Photographer’s Letters Offer Firsthand Account Of 1946 Corregidor Muster
On a faded sheet of paper dated April 22, 1946, a line drawing of a saluting cadet is stamped in the upper left corner above the words “tall talk from ted.” Below, James “Ted” Danklefs ’43’s neat cursive writing describes the events of the previous afternoon, which he spent on the small island of Corregidor in the Philippines.
“Dear Mom and Pop, Well the ‘Muster’ is over and it was a very nice occasion,” he wrote, recalling how “about 135 of us plus the Manila International Male Chorus and a few miscellaneous visitors” had taken boats to the island to remember the Aggies who had died defending it a few years earlier during World War II. “I’ve got lots of pictures but just of Malinta Tunnel and there close by.”
Of the many photos Danklefs took at the 1946 Aggie Muster on Corregidor, one in particular would go on to become one of the most famous images in Texas A&M history — and one of the most widely recognizable depictions of this long-standing Aggie tradition.
Danklefs kept an exhaustive record of his time in the Army through hundreds of letters and photos he mailed to his parents. Back in Texas, his mother saved everything, maintaining a meticulous archive that would later be passed on to his wife, Iris Danklefs.
When she died in 2019, Danklefs’ children opened a box in one of her closets and rediscovered scrapbooks filled with these communications, including a variety of letters discussing the 1946 Corregidor Muster and Danklefs’ efforts to document the event.
“When we did a sale of her home and cleaned out everything, we found the scrapbooks and really began delving into what was in there,” said Danklefs’ daughter, Donna Kent ’79.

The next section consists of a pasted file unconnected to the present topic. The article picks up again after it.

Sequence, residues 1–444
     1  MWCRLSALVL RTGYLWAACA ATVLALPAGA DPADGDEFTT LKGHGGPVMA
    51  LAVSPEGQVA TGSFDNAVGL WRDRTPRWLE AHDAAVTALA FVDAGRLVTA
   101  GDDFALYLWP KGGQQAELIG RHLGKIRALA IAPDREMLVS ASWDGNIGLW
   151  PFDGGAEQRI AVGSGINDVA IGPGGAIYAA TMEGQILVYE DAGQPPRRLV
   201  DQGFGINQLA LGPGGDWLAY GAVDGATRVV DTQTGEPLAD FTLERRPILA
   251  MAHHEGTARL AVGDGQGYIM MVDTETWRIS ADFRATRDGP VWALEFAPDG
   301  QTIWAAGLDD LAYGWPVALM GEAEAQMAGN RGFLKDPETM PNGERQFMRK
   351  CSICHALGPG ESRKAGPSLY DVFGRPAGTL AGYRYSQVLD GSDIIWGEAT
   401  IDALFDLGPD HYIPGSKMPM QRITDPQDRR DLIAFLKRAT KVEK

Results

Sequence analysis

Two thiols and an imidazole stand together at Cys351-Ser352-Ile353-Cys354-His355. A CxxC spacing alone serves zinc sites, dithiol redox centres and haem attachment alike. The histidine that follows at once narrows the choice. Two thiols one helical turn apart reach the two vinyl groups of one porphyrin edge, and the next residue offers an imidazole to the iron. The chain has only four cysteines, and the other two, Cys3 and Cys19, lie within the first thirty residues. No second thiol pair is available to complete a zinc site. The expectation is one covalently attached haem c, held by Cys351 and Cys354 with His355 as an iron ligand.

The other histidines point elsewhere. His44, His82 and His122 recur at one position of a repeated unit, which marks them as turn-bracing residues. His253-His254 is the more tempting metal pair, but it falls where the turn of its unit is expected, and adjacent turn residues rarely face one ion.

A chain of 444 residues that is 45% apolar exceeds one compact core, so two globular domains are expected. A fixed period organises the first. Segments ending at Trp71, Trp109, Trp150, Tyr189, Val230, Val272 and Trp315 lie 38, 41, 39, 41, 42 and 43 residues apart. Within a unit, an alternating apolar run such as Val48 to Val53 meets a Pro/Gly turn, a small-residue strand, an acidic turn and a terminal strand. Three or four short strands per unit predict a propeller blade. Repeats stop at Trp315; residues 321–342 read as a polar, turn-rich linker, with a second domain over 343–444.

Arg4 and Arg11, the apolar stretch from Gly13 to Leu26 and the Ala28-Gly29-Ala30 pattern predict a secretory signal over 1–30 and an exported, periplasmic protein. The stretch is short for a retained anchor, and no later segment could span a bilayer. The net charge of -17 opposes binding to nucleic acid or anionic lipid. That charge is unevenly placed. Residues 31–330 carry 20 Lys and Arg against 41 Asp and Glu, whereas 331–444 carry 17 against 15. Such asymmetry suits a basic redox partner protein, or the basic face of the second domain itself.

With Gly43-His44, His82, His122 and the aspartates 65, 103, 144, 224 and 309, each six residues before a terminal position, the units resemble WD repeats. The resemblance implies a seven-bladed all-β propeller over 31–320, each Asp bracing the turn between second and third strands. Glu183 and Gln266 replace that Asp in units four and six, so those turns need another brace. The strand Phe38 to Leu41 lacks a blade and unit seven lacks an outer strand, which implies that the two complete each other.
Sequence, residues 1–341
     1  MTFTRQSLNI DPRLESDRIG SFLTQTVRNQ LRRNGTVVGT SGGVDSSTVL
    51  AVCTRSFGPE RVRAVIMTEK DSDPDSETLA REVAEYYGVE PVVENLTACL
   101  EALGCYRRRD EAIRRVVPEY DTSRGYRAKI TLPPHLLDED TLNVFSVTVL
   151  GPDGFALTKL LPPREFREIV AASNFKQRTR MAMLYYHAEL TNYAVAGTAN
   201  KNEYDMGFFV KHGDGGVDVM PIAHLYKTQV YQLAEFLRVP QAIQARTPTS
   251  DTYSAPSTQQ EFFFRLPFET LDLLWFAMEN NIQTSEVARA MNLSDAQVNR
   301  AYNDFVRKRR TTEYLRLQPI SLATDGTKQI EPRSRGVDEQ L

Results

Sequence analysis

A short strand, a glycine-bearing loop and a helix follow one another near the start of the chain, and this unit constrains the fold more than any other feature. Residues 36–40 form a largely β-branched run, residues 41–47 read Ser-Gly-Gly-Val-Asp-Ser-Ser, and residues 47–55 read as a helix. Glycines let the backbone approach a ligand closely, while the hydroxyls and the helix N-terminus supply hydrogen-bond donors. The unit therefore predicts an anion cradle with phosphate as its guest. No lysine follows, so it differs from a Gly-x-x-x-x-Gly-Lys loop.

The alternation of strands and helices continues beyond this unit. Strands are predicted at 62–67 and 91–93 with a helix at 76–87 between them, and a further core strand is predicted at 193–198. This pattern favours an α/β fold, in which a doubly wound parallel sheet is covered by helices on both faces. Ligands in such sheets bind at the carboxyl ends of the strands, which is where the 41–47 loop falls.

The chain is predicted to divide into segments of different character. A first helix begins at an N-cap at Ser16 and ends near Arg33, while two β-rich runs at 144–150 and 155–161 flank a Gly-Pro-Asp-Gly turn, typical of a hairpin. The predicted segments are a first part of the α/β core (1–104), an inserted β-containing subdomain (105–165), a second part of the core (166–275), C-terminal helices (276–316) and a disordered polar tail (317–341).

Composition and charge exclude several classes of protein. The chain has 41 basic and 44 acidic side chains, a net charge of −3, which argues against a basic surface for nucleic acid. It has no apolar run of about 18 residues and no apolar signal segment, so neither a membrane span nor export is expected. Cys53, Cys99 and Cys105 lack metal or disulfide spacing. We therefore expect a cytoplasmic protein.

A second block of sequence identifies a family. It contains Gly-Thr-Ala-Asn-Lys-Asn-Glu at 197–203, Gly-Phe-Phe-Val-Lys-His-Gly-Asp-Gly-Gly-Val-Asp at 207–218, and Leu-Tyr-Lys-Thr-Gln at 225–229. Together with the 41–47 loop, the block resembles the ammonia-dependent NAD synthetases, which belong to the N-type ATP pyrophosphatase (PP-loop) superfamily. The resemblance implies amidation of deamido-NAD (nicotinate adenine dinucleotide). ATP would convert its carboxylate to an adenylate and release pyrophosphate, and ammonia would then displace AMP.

The family had already donated a box of these records in 2007 to Texas A&M’s Cushing Memorial Library and Archives. But these latest discoveries in 2019 have prompted a renewed effort to catalog and analyze Danklefs’ remaining photos and letters, Kent said.
The family’s archive helps add color and context to a tale that is now deeply enshrined in Aggie lore.
Capturing The Historic Moment
In the famous photo Danklefs captured on Corregidor, a group of uniformed men, some holding Texas flags, huddle together at the mouth of a tunnel with a large “block T” flag unfurled behind them. As a child, Holly Reedy ’11 would often look up at that black-and-white photo, which hung on the wall above the television in her grandmother’s kitchen.
Danklefs died before Reedy was born. So for her, looking at the photo was a way to connect with the grandfather she never had a chance to know. Before learning of the image’s significance, she simply knew that “Grandpa Danklefs took it.”
“Every holiday, every birthday, it was kind of like he was almost there with us because we saw it at every special occasion,” Reedy said. “I don’t think I really knew the magnitude, though, of what that picture meant until I was a student at A&M.”
In 1942, four years before the now-famous gathering was held and the iconic photo was captured, Corregidor was under siege by Japanese forces. American and Filipino soldiers fought hard to maintain the Allies’ last remaining stronghold in the Philippines and deny Japan full access to Manila Bay. The heavily fortified Malinta Tunnel served as a base of operations, offering much-needed refuge from relentless barrages of artillery.
On April 21 of that year — long observed as a day for Aggies to come together and celebrate the anniversary of the Battle of San Jacinto — Brig. Gen. George F. Moore ’08 tasked Maj. Tom Dooley ’35 with putting together a list of the Aggies on the island. There were 27.
Corregidor fell to Japanese forces just two weeks later, but the story of the 1942 roll call — which was quickly embellished by some creative reporters — became a source of inspiration for a war-weary United States, solidifying the tradition of Muster in the popular imagination for years to come.